A name is a loaded thing. It gives one description, a moniker, categories, and a sense of belonging. It also permits social interaction, structure, and order. Names are a fundamental element of human existence. But what does one do if a name no longer correctly describes him, or if the meaning the name portrays has changed over time, or if that name has become so broad that it encompasses those with whom one would never associate?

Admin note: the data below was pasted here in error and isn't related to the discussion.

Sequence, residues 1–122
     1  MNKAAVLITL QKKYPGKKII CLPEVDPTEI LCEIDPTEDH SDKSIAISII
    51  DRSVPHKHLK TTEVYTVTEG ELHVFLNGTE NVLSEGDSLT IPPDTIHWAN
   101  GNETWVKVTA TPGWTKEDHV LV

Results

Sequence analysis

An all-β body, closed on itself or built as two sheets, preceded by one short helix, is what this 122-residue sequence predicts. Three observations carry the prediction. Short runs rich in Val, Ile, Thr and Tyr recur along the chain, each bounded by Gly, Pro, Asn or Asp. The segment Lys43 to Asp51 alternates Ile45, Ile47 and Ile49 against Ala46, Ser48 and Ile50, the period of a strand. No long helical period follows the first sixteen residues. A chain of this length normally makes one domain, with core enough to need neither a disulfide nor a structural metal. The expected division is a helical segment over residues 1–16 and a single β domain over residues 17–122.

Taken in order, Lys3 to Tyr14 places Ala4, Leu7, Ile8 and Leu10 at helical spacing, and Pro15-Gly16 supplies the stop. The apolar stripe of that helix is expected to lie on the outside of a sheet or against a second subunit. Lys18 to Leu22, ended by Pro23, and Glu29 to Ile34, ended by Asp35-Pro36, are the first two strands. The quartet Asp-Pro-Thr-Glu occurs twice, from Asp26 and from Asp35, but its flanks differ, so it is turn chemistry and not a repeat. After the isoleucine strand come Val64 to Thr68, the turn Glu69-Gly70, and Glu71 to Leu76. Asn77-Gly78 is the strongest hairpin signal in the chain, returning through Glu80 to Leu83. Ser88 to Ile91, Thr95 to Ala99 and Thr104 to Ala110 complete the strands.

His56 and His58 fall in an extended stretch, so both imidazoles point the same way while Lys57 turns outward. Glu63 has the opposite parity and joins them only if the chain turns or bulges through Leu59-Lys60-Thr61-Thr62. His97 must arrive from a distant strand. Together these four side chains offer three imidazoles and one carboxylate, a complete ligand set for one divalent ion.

These are some of the questions I have been asking myself for years regarding the “Baptist” title. Baptist is one of those names that has become so broad and has developed so many connotations that it is hardly helpful as a name any more. Generally, the Baptist name encompasses almost anyone who professes Christ who does not hold to infant baptism. Apart from that, one can be Calvinistic or Arminian in his soteriology, covenantal, dispensational, etc., in his view of the New Covenant, charismatic or cessationist with regard to the gifts of the Spirit, congregational or elder-ruled with regard to ecclesiology, etc., etc., etc. In other words, the only thing that holds Baptists together is the dryness of their infants.